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By NICHOLAS WADE Published: August 15, 2002 A study of the genomes of people and chimpanzees has yielded a deep insight into the origin of language, one of the most distinctive human attributes and a critical step in human evolution. The analysis indicates that language, on the evolutionary time scale, is a very recent development, having evolved only in the last 100,000 years or so. The finding supports a novel theory advanced by Dr. Richard Klein, an archaeologist at Stanford University, who argues that the emergence of behaviorally modern humans about 50,000 years ago was set off by a major genetic change, most probably the acquisition of language. The new study, by Dr. Svante Paabo and colleagues at the Max Planck Institute for Evolutionary Anthropology in Leipzig, Germany, is based on last year's discovery of the first human gene involved specifically in language. The gene came to light through studies of a large London family, well known to linguists, 14 of whose 29 members are incapable of articulate speech but are otherwise mostly normal. A team of molecular biologists led by Dr. Anthony P. Monaco of the University of Oxford last year identified the gene that was causing the family's problems. Known as FOXP2, the gene is known to switch on other genes during the development of the brain, but its presumed role in setting up the neural circuitry of language is not understood. Dr. Paabo's team has studied the evolutionary history of the FOXP2 gene by decoding the sequence of DNA letters in the versions of the gene possessed by mice, chimpanzees and other primates, and people. In a report being published online today by the journal Nature, Dr. Paabo says the FOXP2 gene has remained largely unaltered during the evolution of mammals, but suddenly changed in humans after the hominid line had split off from the chimpanzee line of descent. The changes in the human gene affect the structure of the protein it specifies at two sites, Dr. Paabo's team reports. One of them slightly alters the protein's shape; the other gives it a new role in the signaling circuitry of human cells. The changes indicate that the gene has been under strong evolutionary pressure in humans. Also, the human form of the gene, with its two changes, seems to have become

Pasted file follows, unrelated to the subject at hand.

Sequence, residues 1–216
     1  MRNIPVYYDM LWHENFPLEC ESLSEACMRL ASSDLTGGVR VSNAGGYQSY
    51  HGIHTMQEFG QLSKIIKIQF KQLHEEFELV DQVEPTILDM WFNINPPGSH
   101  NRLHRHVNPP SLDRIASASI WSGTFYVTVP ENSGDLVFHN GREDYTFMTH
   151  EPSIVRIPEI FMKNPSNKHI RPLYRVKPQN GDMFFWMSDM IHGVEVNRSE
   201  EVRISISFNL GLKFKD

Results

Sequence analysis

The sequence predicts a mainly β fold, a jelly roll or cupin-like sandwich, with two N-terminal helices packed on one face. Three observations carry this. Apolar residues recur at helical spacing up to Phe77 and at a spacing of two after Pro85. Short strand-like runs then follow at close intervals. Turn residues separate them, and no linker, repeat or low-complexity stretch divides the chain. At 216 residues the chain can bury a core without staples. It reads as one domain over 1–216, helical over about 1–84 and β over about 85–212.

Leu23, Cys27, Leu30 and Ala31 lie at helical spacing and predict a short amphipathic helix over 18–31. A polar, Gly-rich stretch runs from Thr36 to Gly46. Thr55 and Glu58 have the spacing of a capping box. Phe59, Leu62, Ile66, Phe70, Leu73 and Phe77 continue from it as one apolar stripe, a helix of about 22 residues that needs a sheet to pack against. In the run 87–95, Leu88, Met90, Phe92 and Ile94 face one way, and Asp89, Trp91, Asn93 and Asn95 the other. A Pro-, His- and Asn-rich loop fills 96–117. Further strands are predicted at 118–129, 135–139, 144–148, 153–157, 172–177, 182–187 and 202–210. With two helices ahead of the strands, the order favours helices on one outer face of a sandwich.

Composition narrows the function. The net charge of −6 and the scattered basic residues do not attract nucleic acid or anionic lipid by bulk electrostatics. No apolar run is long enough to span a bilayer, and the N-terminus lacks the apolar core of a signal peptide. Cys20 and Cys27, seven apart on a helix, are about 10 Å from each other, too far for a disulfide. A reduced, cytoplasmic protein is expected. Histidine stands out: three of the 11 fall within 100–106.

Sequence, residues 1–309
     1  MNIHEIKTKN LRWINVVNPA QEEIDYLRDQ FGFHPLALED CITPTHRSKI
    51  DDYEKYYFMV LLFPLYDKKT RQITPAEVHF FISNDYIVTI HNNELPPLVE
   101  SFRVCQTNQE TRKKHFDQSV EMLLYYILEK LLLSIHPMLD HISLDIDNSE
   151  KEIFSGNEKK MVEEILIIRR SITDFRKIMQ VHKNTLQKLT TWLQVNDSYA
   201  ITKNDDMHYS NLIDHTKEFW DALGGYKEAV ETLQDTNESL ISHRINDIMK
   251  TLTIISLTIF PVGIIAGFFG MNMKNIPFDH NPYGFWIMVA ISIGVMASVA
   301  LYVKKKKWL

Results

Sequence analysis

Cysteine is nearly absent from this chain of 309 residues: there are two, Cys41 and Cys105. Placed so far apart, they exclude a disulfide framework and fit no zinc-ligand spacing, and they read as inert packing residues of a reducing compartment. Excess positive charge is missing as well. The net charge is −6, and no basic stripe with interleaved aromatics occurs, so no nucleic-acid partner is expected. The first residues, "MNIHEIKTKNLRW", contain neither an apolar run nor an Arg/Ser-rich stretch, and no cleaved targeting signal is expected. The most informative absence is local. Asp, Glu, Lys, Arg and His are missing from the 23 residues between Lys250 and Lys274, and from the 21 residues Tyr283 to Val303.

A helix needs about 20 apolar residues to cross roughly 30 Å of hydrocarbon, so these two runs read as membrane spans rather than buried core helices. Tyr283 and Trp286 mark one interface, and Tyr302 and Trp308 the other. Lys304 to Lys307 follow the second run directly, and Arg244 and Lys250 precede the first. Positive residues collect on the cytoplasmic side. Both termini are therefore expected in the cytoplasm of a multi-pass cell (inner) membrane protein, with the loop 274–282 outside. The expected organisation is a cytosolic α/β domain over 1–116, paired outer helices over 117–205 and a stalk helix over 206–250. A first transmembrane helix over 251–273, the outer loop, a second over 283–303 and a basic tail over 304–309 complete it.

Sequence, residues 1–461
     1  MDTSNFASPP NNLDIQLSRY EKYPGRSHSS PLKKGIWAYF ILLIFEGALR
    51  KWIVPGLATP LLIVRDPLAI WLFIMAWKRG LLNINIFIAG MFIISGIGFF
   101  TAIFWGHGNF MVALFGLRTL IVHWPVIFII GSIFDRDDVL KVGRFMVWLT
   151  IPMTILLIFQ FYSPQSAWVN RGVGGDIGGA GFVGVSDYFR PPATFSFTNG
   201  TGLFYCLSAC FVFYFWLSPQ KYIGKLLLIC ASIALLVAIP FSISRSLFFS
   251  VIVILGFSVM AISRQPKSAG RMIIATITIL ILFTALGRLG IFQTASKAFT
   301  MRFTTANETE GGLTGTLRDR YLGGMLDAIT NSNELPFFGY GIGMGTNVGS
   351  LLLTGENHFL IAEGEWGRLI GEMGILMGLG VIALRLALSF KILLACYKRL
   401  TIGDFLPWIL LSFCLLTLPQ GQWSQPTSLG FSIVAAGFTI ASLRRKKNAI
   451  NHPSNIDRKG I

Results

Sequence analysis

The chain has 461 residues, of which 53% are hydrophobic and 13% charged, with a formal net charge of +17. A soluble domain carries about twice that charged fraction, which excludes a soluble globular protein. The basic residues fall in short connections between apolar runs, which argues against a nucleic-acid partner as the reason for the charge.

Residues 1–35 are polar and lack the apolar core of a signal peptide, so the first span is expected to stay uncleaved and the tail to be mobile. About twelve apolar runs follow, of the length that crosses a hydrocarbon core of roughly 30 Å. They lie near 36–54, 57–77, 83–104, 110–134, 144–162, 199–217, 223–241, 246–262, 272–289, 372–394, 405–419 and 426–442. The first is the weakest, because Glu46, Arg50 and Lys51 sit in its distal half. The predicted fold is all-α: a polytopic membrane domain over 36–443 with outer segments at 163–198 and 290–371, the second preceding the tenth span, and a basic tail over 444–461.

universal in the human population, suggesting that it conferred some overwhelming benefit. Dr. Paabo contends that humans must already have possessed some rudimentary form of language before the FOXP2 gene gained its two mutations. By conferring the ability for rapid articulation, the improved gene may have swept through the population, providing the finishing touch to the acquisition of language. ''Maybe this gene provided the last perfection of language, making it totally modern,'' Dr. Paabo said. The affected members of the London family in which the defective version of FOXP2 was discovered do possess a form of language. Their principal defect seems to lie in a lack of fine control over the muscles of the throat and mouth, needed for rapid speech. But in tests they find written answers as hard as verbal ones, suggesting that the defective gene causes conceptual problems as well as ones of muscular control. The human genome is constantly accumulating DNA changes through random mutation, though they seldom affect the actual structure of genes. When a new gene sweeps through the population, the genome's background diversity at that point is much reduced for a time, since everyone possesses the same stretch of DNA that came with the new gene. By measuring this reduced diversity and other features of a must-have gene, Dr. Paabo has estimated the age of the human version of FOXP2 as being less than 120,000 years. Dr. Paabo says this date fits with the theory advanced by Dr. Klein to account for the sudden appearance of novel behaviors 50,000 years ago, including art, ornamentation and long distance trade. Human remains from this period are physically indistinguishable from those of 100,000 years ago, leading Dr. Klein to propose that some genetically based cognitive change must have prompted the new behaviors. The only change of sufficient magnitude, in his view, is acquisition of language.